Wondering when can you give your baby raisins? Starting solid foods is a huge milestone in every baby’s life. They are finally separated from breast milk or formula and introduced to sweets and bland tastes as well as soft and hard textures.
Feeding a baby solid foods can be tricky at first, as you want to make sure your child is introduced to fruits, vegetables and meats and has started eating them for meals.
When it comes time for your baby to start solid foods, usually between the ages of four and six months, it is also time to think about healthy snacks as well as breakfast, lunch and dinner. One healthy snack that parents often wonder about feeding their children is raisins.
Raisins are dried grapes that may be eaten raw or used in cooking, baking and brewing. There are many raisin varieties that are dependent on what sort of grape is used. Raisins are also made in a variety of sizes and colors, including green, black, blue, purple and yellow. Most of the raisins sold in mass quantities are sun-dried, but there are also those that are water-dipped and even dehydrated, and they can contain seeds or be seedless.
Can I Give My Baby Raisins? Answer: Wait Until They’re a Toddler
Raisins are a great snacking food because they are very high in nutrients. While low in both fat and cholesterol, raisins are high in potassium and iron. They also contain calcium, manganese, zinc and fiber, and like prunes and apricots, raisins are also high in certain antioxidants, including resveratrol, which has anti-inflammatory, anti-cancer and blood cholesterol lowering activities.
Raisins are also gluten free and have a decent amount of some of the Vitamin B complex vitamins, such as riboflavin, pyridoxine, pantothenic acid, and thiamin. Eating too many raisins, though, may lead a child to have diarrhea, and pureed raisins may help alleviate constipation.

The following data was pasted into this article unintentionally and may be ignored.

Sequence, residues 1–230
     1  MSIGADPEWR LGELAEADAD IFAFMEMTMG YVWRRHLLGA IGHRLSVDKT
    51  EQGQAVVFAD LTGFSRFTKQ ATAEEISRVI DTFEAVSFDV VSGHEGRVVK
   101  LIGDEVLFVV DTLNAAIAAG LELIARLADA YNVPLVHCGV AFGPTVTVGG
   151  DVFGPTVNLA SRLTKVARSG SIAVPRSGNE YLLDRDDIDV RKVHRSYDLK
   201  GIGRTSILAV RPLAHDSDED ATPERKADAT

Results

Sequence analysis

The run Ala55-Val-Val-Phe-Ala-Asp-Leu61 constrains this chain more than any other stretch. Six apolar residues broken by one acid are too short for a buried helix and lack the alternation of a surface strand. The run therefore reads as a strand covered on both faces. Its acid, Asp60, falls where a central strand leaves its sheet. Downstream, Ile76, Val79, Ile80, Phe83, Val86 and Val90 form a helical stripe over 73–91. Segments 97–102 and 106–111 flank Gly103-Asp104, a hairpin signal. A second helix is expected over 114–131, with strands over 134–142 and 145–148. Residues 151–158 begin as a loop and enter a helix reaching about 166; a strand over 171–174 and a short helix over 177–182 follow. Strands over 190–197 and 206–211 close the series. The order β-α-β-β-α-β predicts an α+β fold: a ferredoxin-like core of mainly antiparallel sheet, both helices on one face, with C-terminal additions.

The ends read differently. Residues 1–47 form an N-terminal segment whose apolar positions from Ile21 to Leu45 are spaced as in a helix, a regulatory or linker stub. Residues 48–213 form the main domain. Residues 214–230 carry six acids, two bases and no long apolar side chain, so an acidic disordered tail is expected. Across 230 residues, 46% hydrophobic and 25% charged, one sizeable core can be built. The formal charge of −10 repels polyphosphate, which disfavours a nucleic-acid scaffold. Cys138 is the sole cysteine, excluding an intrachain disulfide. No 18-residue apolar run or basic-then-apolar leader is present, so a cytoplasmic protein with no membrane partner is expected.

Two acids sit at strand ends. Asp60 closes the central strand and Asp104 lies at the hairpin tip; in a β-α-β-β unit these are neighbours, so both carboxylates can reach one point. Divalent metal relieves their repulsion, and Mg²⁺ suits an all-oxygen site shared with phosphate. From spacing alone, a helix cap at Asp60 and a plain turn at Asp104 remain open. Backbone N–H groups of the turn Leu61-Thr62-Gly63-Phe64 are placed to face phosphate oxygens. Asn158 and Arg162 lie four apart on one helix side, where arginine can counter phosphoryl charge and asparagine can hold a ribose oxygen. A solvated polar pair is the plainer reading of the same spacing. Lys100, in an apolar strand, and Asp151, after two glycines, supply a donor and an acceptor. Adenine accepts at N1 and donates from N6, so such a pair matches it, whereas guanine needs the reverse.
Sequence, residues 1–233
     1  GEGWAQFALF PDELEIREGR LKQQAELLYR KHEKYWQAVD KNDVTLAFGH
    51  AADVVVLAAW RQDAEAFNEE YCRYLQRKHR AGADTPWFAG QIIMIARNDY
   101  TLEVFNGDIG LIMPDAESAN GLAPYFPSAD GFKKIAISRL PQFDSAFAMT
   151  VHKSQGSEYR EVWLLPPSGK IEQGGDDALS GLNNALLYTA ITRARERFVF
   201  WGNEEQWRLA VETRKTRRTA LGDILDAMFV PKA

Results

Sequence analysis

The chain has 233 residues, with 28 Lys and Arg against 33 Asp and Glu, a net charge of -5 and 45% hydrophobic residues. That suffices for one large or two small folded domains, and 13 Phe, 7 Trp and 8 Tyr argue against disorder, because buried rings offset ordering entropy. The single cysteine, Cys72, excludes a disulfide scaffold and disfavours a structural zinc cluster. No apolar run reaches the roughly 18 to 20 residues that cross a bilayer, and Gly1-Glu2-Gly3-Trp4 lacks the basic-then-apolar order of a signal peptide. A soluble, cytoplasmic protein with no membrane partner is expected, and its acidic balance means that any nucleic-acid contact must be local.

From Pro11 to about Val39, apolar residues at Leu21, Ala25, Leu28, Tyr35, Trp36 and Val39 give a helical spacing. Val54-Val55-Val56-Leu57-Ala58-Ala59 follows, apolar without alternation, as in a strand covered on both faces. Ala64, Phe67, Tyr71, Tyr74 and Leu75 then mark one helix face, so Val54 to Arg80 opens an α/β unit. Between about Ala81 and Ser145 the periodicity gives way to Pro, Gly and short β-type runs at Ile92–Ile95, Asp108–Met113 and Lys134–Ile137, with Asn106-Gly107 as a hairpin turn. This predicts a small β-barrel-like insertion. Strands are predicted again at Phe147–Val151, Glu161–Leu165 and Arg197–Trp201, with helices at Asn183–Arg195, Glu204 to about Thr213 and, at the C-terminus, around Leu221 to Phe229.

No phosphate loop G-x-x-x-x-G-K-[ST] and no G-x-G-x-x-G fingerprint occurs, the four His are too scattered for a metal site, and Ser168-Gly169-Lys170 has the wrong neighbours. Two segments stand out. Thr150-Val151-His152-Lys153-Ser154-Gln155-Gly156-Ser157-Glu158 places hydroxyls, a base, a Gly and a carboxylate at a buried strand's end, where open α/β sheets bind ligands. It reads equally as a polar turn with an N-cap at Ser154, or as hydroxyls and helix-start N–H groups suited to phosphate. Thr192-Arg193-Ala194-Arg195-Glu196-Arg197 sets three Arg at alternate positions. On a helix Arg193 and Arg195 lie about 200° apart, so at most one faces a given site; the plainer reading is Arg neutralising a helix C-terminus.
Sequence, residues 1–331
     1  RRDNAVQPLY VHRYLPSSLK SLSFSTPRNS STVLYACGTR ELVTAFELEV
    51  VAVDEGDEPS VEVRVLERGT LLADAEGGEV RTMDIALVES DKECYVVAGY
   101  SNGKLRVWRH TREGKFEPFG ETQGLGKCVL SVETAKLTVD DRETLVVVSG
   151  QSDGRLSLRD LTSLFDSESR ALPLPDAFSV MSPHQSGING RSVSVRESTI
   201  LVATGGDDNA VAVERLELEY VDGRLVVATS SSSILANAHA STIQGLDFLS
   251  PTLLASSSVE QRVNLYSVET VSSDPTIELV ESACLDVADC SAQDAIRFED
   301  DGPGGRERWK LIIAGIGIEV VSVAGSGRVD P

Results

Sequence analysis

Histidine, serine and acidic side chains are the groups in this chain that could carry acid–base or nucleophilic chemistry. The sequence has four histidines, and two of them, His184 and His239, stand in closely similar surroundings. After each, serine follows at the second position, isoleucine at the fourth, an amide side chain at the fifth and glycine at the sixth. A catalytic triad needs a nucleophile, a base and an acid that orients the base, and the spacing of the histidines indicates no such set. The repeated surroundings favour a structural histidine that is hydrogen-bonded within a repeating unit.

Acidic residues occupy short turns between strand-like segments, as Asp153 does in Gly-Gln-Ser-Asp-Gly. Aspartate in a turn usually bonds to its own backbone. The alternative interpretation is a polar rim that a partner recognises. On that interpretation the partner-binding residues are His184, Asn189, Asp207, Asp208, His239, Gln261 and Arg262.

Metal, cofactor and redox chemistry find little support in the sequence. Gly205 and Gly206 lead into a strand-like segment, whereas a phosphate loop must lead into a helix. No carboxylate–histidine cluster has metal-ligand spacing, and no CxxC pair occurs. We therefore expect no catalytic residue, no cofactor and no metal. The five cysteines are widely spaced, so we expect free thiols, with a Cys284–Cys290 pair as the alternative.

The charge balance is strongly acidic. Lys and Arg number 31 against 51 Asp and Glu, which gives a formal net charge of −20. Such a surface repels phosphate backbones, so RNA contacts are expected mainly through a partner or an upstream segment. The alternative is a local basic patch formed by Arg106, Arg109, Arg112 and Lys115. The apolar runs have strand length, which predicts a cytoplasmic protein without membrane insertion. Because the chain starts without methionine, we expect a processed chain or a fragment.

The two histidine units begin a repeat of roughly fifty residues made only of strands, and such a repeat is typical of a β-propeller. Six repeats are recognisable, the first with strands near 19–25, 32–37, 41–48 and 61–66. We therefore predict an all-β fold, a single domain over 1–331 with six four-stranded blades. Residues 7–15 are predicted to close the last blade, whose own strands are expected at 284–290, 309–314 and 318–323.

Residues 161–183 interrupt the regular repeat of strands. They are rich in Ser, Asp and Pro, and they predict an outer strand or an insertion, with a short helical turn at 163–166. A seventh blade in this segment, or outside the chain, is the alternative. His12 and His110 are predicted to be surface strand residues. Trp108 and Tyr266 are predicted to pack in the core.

Not at First
When a baby is just starting solids, raisins should be avoided because they are small and hard and could pose as a choking hazard. Before your baby can have small finger foods like raisins, they must be ready for them. Your baby needs to be able to chew, or gum, food and be able to sit up properly.
Your baby will also need to have mastered the pincer grasp, which lets him or her pick up small objects between their thumb and forefinger. Children usually do not master this skill until around nine to twelve months of age. Always make sure you are sitting close to your child while her or she eats in case they do start to choke.
If you want to add raisins to your child’s diet, consider adding raisins to foods your child already enjoys. One of the ways that you can safely add raisins is to make them plump by putting them into a hot liquid. This softens them up and allows you to slice them up and put them in cereals, oatmeal, or baked goods. Raisins can also be cooked in water then pureed to make a delicious spread for bread or other similar treats..
Another reason raisins should be avoided is because they are high in natural sugars, mainly fructose and glucose, and can stick to your baby’s teeth. While the sugars found in raisins is less harmful to your child than the sucrose sugars found in candy and sweets, the sugars in raisins are not entirely harmless.
However, new research by California Raisin Marketing Board and presented by the American Society of Microbiology has shown that raisins contain certain antioxidants that may prevent tooth decay. If your older child does eat raisins, make sure to brush his or her teeth carefully afterwards.
Raisins are best for children over the age of two who have completely mastered chewing. Even at this age, raisins should be cut into small pieces to minimize their choking hazard.
A More Advanced Food
So while raisins are a healthy snack rich with essential vitamins and minerals, they are best to be avoided until your child is in his or her toddler years and has mastered chewing. When deciding on finger foods for your baby, stick with small pieces of fruits or cooked vegetables. Once your baby is older, raisins can be a very handy, easy and vitamin-packed snack when out and about.
If you have any questions about feeding raisins to your child, it is always best to consult your child’s pediatrician. He or she will be able to better discuss your issue and concerns and help you decide when raisins will be best for your child.